Rankings Cite Suffolk for Positive Impact on America & for Percentage of International Students
Suffolk University is one of the top 100 national universities that best serve the nation, according to Washington Monthly magazine. And the U.S. News & World Report rankings note that Suffolk’s significant percentage of international students place it third among National Universities in that category.
U.S. News included Suffolk in its National University rankings for the third consecutive year. The University has climbed that list each year and is now ranked 177 out of hundreds of National Universities.
With 22 percent of its students from outside the United States, Suffolk is in a third-place tie with Boston University and Carnegie Mellon for National Universities’ percentage of international students.
“International students play an important role in Suffolk University’s educational mission and are not just welcomed, but also included in everything the campus community has to offer,” said Suffolk University President Marisa Kelly.
Contributing to the public good
Washington Monthly reviewed colleges and universities nationwide, based on their “contribution to the public good in three broad categories. … Social Mobility (recruiting and graduating low-income students), Research (producing cutting-edge scholarship and PhDs), and Service (encouraging students to give something back to their country).”
“Suffolk University fosters a spirit of service and civic engagement in our students in a variety of ways, and we are delighted to see the results of those efforts recognized,” said Kelly. “Suffolk is a leader among universities in voter registration drives, service learning courses, law clinics and the promotion of volunteer opportunities. That spirit of service is something our graduates carry with them throughout their lives. Moreover, Suffolk creates transformational pathways of opportunity that take many of our students from the bottom 40 percent of the income ladder to the top 40 percent.”
The University is number 98 in the 2018 rankings in the National Universities category, leaping ahead 142 places since last year. The evaluation reflects Suffolk’s strengths in:
- Voting engagement
- Pell Grant recipients’ graduation rates
- Percent of federal work-study grants spent on community service
- Post-grad earnings performance
- Predicted repayment of student loans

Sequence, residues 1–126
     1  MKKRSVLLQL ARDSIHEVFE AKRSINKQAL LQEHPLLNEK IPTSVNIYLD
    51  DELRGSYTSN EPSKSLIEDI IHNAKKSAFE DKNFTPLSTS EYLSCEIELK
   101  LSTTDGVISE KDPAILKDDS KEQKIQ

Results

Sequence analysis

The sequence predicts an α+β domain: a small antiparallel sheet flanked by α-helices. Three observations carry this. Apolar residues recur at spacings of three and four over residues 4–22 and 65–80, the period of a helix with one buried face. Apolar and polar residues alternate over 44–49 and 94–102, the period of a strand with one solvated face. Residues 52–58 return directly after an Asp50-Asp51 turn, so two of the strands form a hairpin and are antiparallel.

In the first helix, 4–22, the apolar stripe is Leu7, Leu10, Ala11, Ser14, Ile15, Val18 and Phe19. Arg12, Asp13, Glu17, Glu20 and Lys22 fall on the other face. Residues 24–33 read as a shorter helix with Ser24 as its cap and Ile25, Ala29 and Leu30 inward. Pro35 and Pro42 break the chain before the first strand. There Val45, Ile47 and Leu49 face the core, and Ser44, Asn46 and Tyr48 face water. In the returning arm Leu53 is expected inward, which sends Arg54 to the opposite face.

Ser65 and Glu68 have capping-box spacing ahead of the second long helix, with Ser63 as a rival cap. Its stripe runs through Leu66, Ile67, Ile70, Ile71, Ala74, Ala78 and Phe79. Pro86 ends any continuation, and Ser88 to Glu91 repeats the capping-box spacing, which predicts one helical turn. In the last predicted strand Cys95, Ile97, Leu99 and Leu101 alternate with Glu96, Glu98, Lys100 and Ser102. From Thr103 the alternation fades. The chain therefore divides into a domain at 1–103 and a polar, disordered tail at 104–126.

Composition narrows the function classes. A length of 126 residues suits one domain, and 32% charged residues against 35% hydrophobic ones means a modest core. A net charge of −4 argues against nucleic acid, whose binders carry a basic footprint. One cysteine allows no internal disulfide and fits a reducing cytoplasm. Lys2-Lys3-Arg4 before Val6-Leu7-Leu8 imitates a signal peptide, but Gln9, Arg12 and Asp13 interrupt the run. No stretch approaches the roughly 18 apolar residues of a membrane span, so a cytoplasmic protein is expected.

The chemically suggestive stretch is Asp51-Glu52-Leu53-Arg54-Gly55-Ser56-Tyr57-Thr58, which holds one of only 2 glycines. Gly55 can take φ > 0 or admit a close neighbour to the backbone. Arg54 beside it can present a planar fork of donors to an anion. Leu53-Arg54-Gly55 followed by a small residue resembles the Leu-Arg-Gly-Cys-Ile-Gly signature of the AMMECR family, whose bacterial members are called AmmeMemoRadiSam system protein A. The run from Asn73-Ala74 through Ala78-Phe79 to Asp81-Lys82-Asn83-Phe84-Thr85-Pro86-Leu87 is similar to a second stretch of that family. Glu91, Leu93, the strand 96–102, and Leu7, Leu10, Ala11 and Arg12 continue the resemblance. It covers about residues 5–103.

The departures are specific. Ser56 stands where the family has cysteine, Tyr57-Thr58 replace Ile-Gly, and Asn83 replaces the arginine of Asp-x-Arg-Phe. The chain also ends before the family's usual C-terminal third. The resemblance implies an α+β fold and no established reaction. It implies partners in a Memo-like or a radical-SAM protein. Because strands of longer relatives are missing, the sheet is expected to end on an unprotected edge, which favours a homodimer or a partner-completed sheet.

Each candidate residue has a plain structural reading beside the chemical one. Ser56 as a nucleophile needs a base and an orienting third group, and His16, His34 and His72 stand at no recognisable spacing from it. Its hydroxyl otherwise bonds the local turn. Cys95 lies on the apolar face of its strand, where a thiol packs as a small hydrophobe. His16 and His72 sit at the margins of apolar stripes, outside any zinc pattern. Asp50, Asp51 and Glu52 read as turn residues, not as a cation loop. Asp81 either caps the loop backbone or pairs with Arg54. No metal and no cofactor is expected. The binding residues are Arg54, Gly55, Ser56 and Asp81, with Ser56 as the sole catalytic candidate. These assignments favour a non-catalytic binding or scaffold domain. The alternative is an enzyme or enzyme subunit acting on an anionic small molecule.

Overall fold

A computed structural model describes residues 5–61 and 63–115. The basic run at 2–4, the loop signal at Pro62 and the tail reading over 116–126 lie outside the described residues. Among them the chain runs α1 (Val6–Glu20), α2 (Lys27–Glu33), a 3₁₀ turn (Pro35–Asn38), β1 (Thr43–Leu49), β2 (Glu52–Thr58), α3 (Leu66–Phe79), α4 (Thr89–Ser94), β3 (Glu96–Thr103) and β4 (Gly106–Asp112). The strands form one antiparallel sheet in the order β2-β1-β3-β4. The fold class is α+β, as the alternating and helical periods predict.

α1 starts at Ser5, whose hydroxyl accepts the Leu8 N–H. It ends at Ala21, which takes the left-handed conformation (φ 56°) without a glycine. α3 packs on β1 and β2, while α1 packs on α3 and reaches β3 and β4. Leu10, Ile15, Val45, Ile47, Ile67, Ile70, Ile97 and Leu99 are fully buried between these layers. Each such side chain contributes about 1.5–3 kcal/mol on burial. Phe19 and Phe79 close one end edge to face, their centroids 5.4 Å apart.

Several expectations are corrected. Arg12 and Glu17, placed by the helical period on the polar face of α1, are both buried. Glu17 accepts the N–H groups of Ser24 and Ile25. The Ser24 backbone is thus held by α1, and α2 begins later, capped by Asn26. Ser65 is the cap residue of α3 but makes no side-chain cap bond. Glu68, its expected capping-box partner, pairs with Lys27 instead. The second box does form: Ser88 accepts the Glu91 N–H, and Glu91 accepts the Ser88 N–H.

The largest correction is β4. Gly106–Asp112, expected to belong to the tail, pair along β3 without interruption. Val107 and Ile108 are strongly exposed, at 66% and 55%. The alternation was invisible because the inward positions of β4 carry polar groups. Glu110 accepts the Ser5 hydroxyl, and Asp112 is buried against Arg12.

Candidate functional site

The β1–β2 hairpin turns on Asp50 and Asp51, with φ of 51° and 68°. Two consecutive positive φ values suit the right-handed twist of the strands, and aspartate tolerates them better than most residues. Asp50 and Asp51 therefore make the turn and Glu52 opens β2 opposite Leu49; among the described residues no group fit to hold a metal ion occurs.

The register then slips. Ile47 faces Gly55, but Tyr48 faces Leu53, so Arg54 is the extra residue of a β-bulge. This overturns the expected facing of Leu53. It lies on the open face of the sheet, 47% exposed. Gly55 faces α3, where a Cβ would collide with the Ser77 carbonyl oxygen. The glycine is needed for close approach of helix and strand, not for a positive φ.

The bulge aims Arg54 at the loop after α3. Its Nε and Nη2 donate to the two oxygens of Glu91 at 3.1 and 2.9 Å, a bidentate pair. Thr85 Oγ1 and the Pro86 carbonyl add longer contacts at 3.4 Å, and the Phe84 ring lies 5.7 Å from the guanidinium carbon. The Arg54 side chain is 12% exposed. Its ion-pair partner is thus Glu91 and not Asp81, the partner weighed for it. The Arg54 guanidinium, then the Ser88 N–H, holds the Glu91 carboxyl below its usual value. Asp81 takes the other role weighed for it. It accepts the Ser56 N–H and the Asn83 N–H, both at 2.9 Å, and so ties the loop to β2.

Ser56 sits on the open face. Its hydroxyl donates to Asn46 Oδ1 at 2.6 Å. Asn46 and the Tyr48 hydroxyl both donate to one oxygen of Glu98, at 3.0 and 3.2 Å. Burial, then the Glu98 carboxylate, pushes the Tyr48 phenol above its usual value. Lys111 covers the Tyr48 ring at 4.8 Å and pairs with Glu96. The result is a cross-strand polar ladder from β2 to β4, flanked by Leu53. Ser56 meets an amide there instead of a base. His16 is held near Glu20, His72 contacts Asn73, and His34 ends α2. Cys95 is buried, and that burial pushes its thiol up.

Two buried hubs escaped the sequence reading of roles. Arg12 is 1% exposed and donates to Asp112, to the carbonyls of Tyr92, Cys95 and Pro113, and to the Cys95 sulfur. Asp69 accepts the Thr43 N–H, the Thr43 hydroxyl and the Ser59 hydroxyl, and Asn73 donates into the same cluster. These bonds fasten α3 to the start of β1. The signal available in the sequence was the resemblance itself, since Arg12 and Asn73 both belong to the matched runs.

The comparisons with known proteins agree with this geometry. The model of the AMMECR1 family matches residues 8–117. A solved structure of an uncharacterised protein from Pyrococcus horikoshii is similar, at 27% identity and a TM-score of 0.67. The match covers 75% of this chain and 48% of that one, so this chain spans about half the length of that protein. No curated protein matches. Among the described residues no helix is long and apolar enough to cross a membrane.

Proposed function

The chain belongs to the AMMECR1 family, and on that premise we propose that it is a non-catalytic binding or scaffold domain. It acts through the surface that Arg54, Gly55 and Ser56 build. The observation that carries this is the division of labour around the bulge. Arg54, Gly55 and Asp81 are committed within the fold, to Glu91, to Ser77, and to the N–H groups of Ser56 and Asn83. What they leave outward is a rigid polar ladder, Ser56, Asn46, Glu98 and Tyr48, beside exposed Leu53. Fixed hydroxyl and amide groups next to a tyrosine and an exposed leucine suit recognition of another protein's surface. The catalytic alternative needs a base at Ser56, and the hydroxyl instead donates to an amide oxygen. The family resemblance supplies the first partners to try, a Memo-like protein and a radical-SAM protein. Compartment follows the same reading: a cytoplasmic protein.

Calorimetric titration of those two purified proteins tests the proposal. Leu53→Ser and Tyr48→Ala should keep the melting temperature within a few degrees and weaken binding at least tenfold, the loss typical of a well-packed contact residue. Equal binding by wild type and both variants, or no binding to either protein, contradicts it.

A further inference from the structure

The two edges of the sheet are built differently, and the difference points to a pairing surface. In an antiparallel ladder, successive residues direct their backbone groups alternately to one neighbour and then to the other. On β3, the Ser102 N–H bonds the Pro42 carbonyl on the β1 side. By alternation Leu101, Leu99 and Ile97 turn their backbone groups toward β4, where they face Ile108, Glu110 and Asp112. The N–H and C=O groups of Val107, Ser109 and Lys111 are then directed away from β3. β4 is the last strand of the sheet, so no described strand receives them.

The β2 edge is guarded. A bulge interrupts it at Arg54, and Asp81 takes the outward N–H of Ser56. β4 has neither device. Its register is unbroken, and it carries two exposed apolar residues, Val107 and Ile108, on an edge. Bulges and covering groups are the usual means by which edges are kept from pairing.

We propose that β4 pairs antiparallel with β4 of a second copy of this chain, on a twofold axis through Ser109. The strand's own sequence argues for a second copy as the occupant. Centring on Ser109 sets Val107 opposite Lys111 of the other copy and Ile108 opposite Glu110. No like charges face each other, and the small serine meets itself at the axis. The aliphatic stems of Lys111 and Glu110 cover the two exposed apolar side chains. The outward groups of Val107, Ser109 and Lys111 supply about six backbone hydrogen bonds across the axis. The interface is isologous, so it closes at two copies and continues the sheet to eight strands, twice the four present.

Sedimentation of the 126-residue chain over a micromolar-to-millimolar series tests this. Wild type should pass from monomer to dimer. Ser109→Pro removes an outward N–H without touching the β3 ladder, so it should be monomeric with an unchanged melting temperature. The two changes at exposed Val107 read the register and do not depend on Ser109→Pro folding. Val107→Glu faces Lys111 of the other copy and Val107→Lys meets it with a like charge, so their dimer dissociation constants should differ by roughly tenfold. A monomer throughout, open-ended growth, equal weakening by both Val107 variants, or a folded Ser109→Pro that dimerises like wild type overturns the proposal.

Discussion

Suffolk University also made Washington Monthly’s list of “58 Best Colleges for College Voting,” This recognition comes at a time when hundreds of first-year students have registered to vote during orientation activities and as a series of fall-semester campus events aim to boost civic engagement. The University previously was recognized as a "high-voting-rate campus" in 2016 by Tufts University's Jonathan M. Tisch College of Civic Life.
Suffolk graduates are known for finding success in the workplace: 95 percent of alumni from the Class of 2017 were working or in grad school within one year of graduation. Many of these jobs stem from experience working in the business, cultural, and government entities around Suffolk’s downtown Boston-campus. Other students launch their own businesses with support from the Sawyer Business School Center for Entrepreneurship, bolstered by knowledge gained from a unique crowdfunding course.
The University’s Center for Community Engagement provides an abundance of service opportunities at the local, national, and international levels, and it works closely with faculty to develop service-learning courses that provide learning experiences while doing good.
Suffolk University was founded more than 100 years ago with the promise of offering higher education to capable students from all walks of life. The Washington Monthly ranking recognizes the University’s continuing commitment to educating civic-minded citizens who find success locally, regionally, and globally.
Washington Monthly focuses its rankings on higher education institutions that “serve the best interests of taxpayers and the country as a whole—including by enrolling and graduating students of modest means.”